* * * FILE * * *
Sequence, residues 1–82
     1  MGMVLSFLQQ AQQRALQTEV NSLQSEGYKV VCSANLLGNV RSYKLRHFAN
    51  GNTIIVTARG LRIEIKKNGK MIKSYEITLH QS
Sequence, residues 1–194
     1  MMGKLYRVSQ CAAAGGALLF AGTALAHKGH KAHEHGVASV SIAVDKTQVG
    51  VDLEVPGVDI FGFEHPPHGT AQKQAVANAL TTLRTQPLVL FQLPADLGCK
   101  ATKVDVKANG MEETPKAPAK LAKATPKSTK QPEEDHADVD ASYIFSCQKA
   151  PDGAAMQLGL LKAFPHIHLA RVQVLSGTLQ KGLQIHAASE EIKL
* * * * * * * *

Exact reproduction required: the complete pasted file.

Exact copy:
Sequence, residues 1–82
     1  MGMVLSFLQQ AQQRALQTEV NSLQSEGYKV VCSANLLGNV RSYKLRHFAN
    51  GNTIIVTARG LRIEIKKNGK MIKSYEITLH QS
Sequence, residues 1–194
     1  MMGKLYRVSQ CAAAGGALLF AGTALAHKGH KAHEHGVASV SIAVDKTQVG
    51  VDLEVPGVDI FGFEHPPHGT AQKQAVANAL TTLRTQPLVL FQLPADLGCK
   101  ATKVDVKANG MEETPKAPAK LAKATPKSTK QPEEDHADVD ASYIFSCQKA
   151  PDGAAMQLGL LKAFPHIHLA RVQVLSGTLQ KGLQIHAASE EIKL